In seeking to lump higher taxes onto their new competition, legacy rental car companies neglect to mention a major tax advantage they have over car-sharing platforms, which is that their rental car fleets are not subject to sales tax, correctly so as a business input. People who generate income by lending their car out on a car-sharing platform, however, must pay sales tax on their vehicle purchase. 

Aside from the fact that rental car companies already hold this tax advantage over car-sharing, another reason North Carolina lawmakers should not hit car-sharing with higher taxes is because it would be a move in the opposition direction from where lawmakers should be taking the tax code. Rather than extend punitive and discriminatory taxation of rental cars to new transportation business models that are benefiting consumers, state legislators would do well to instead look to cut or phaseout the rental car excise tax. 

Taxes and fees add substantial costs to rental car bills, sometimes comprising nearly half of the total price, and do so in a regressive manner. “Car rental excise taxes are levied in concert with state and local sales taxes, airport concession fees, and vehicle license and registration recovery fees,” a 2019 Tax Foundation report on rental car excise taxes noted, which “has created a byzantine structure of taxes and fees, with effective tax rates on consumers often exceeding 30 percent.” 

It’s clear that travel taxes have gotten out of hand and it’s understandable that rental car companies don’t like the idea of facing competition that is not subject to the same onerous taxation. Yet eliminating such discriminatory and exorbitant taxation, not expanding it, should be the goal. Rather than seeking to impose punitive travel taxes on new business models that are benefiting consumers, ATR encourages North Carolina lawmakers and their counterparts in other state legislatures to instead “level the playing field” the pro-taxpayer way, by reducing or eliminating punitive taxes, not subjecting more people to them.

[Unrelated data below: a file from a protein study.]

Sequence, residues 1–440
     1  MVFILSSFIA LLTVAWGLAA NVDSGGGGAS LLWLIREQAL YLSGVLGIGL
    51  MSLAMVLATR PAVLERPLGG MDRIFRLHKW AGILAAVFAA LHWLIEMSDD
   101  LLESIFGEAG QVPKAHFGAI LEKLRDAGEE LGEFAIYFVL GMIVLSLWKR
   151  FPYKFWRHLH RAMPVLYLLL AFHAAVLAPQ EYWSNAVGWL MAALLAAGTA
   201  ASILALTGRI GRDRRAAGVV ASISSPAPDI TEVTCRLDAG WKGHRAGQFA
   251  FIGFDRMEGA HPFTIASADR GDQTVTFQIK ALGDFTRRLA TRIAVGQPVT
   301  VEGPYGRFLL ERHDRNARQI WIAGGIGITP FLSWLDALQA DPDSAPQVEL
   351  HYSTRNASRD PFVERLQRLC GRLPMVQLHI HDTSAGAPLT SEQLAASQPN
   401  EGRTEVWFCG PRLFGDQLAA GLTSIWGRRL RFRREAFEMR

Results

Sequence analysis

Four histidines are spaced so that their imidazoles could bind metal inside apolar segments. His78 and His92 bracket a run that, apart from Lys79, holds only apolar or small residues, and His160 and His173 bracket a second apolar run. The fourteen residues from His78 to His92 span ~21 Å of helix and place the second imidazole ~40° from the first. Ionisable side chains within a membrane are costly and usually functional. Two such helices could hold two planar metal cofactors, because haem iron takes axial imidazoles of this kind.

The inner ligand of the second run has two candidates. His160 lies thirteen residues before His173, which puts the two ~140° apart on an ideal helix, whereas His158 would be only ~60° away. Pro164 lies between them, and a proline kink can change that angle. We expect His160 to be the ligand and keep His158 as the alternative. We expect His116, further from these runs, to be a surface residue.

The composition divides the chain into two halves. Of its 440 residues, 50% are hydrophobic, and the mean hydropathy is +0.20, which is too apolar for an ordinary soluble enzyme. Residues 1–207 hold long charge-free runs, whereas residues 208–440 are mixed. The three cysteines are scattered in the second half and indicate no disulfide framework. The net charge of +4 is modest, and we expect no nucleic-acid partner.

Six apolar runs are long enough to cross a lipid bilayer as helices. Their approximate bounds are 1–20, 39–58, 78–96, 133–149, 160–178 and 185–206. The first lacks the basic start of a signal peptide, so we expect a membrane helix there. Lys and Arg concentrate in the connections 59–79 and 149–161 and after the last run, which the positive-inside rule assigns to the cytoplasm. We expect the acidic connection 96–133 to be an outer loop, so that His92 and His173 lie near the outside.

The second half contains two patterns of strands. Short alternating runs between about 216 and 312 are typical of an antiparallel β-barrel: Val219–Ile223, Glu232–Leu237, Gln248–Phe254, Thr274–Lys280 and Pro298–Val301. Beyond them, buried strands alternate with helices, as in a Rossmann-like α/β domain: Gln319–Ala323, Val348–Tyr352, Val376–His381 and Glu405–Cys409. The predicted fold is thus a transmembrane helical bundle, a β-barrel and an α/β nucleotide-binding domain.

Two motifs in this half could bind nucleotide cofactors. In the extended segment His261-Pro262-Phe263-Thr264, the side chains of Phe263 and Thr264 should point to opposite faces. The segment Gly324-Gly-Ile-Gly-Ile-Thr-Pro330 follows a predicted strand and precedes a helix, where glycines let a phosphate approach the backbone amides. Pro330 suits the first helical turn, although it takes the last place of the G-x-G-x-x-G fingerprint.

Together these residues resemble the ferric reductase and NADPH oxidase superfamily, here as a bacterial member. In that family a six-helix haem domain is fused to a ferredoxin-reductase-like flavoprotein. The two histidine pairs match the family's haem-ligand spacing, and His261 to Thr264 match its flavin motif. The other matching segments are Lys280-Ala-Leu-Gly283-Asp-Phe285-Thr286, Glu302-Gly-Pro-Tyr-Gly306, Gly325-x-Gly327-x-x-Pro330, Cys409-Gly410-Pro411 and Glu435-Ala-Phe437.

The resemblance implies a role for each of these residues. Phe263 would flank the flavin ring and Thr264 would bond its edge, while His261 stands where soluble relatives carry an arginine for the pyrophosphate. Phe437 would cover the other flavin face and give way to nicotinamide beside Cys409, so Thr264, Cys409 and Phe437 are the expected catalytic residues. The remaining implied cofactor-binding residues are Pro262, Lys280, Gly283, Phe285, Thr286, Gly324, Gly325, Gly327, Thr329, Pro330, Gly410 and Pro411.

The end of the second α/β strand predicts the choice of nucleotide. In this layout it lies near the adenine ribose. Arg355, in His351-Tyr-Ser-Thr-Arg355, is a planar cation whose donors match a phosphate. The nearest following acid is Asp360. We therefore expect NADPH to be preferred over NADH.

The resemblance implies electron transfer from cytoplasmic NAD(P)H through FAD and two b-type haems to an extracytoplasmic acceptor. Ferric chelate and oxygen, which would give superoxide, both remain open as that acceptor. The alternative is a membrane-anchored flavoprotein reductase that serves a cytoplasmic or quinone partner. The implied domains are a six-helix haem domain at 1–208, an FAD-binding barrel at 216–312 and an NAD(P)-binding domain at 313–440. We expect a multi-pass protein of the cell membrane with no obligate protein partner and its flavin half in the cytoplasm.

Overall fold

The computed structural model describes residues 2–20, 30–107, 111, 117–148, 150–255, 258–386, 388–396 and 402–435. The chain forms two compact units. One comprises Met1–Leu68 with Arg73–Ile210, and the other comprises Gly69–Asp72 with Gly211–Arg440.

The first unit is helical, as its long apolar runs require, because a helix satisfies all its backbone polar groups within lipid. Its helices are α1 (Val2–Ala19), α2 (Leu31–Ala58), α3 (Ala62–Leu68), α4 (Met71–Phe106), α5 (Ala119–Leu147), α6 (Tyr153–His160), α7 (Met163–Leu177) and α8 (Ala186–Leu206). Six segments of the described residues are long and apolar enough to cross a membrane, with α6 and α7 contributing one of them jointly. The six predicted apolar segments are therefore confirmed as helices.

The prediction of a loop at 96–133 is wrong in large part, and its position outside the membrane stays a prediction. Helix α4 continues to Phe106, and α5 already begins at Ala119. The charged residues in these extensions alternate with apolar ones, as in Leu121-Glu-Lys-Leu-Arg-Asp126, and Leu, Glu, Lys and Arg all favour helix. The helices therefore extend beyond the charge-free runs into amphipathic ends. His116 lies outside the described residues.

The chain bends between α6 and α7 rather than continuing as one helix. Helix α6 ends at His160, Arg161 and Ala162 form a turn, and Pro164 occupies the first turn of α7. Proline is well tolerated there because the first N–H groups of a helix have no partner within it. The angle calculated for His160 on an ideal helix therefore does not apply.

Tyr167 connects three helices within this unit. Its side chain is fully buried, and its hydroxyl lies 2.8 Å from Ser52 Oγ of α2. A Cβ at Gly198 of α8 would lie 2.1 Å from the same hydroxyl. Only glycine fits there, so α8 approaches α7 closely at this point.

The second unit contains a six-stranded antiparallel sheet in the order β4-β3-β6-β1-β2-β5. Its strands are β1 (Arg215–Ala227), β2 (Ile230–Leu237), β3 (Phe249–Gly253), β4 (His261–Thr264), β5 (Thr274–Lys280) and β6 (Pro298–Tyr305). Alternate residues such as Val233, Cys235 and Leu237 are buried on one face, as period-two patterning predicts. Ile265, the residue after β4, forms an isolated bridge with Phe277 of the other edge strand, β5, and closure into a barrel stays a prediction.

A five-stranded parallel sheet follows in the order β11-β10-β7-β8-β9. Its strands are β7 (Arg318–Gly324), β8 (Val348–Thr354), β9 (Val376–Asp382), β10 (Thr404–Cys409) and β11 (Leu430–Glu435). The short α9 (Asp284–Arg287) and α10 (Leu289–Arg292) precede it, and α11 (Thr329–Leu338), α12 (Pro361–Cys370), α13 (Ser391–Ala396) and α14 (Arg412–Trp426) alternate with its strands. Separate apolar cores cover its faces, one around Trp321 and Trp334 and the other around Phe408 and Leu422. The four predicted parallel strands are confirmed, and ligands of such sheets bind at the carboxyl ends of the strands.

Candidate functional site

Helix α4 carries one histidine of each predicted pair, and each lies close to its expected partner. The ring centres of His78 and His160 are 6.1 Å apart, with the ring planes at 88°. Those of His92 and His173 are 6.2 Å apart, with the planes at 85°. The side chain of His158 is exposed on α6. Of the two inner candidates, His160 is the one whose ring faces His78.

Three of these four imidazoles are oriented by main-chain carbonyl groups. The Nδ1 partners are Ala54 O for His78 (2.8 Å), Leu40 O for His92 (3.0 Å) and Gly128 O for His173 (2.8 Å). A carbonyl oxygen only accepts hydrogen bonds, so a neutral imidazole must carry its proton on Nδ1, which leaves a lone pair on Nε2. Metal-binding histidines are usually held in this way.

ATR is not alone in calling for an end to rental car excise taxes. The aforementioned report by the non-partisan Tax Foundation made the case that “excise taxes on car rentals should be repealed and the broader tax regime reformed to conform to the principles of sound tax policy.” 

“Excise taxes on car rentals are unsound tax policy, as they narrowly target one industry in the hope of exporting the tax base onto nonresidents,” noted the 2019 Tax Foundation report, which also touched on the consumer response, pointing out that “Evidence shows that travelers reduce their demand for car rentals when taxes rise and travel across state lines in search of a better deal.”

The next two weeks will be consequential for North Carolina taxpayers, as legislators look reach a budget deal before the end of the fiscal year and the July 4th holiday. North Carolina lawmakers are planning to redraw federal and state district maps later this year, which means the sooner a budget agreement can be reached, the more time off legislators will have before the must return to Raleigh. Many questions remain to be answered, but the good news for North Carolina taxpayers is that they are poised to receive some level of income tax relief in the new budget, but exactly how much is one of a number of key details to be worked out in the coming days and weeks.